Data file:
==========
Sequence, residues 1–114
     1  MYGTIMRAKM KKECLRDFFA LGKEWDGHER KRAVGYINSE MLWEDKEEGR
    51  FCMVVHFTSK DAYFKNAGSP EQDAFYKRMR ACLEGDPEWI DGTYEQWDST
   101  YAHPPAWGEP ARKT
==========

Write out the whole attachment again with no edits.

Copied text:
Sequence, residues 1–114
     1  MYGTIMRAKM KKECLRDFFA LGKEWDGHER KRAVGYINSE MLWEDKEEGR
    51  FCMVVHFTSK DAYFKNAGSP EQDAFYKRMR ACLEGDPEWI DGTYEQWDST
   101  YAHPPAWGEP ARKT